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Criminal Attacks Targeting Healthcare Industry Increase 100 Percent Since 2010

While somewhat less sensational than a breach of the entertainment industry, yet devastating all the same, criminal attacks on the healthcare industry have all but skyrocketed over the past few years.

The Ponemon Institute’s Fourth Annual Benchmark Study on Patient Privacy & Data Security (PDF) found that healthcare-targeted criminal attacks have increased 100 percent since 2010. Forty-percent of healthcare organizations reported criminal attacks compared to 20 percent reported four years ago.

What’s up with that? The usual suspects are attributed - growing healthcare employee use of personal devices (BYOD) and increased reliance on cloud services for file-sharing, collaboration, backup and storage.

But another part of the security equation often overlooked is the important role that business associates play in ensuring patient data privacy. These third-party vendors often have access to electronic protected health information (ePHI) to complete tasks like payroll, HR, data processing and more.

Yet, they often aren’t yet in compliance with the HIPAA Final Omnibus Rule that requires business associates to meet security standards already in place for primary healthcare organizations like hospitals, healthcare systems, independent physicians and more. As the Dept. of Health and Human Services (HHS) stated, some of the largest breaches reported to them have involved business associates. Another $4.3 million fine was slapped on the Cignet Health Center in October 2010.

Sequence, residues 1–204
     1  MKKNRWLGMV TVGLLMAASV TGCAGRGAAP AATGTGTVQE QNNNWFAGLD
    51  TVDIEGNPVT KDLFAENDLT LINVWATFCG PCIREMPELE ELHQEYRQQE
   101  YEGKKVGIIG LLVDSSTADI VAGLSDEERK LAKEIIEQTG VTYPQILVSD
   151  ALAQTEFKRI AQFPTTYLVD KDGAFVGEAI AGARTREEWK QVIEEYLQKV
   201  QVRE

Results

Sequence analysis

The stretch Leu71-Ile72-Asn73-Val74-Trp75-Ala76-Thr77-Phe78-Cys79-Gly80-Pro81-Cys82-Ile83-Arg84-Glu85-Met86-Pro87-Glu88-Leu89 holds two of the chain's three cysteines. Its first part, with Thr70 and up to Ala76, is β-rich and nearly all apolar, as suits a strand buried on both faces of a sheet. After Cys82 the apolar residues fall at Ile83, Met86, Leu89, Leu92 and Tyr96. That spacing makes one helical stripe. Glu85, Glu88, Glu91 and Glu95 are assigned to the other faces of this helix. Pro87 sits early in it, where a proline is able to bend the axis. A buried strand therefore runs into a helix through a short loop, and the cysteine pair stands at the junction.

The top three types of business associates that pose the most risk, according to respondents, include IT service providers (75 percent), claims processor (47 percent) and benefits management vendors (33 percent). IT service providers are unsurprisingly considered the riskiest player in the security game as they hold the (often privileged) keys to a healthcare organization’s entire IT environment, allowing them access to patient data and other sensitive healthcare documents.

Business Associate CyberSecurity Risk

The study reveals that the majority (73 percent) of healthcare organizations are either somewhat or not at all confident that their business associates are even capable of detecting a data breach, in addition to performing an incident risk assessment and notifying their organization in the event of a data breach (a stipulation required by law in the standard contractual business associate agreement).

Another problem the Ponemon Institute identified was the fact that healthcare organizations often rely more on policies and procedures than the actual technology, budget and resources needed to secure sensitive information and meet HIPAA compliance. While 55 percent of respondents said their policies and procedures are put in place to detect or prevent unauthorized data access, loss or theft; if the technology and personnel aren’t in place, then it’s unlikely security will be actualized.

The study also found that less than half (46 percent) of organizations have personnel that are aware of and understand HITECH and state data breach notification laws, which can make it pretty difficult to meet compliance, let alone actually secure patient data.

One interesting concept introduced by is that “hackers now have almost a big-data mentality,” as they collect massive amounts of different types of data in attempts to draw correlations between disparate sets of stolen data in order to create complete profiles of individuals. That means your credit card and banking information combined with your medical identity and your personal information (address and Social Security numbers) are being pieced together to inform criminals on how to best exploit your data.

What type of data is stolen most frequently from healthcare organizations? Unsurprisingly, billing and insurance records and medical files are the most likely to be lost or stolen. Armed with your health insurance information, a criminal is more likely to turn a profit to either exploit or sell your data to individuals that intend to commit medical identity fraud - meaning, seek out healthcare services under your insurance, and then send the bill to your providers.

For more on healthcare IT security, check out:
Remote Access Attacks & Threat Actor Profiling: Sign of the InfoSec Times
Securing E-Prescription Applications & Identity-Proofing
Lack of Third-Party Security, Multifactor Authentication Lead to Medical ID Theft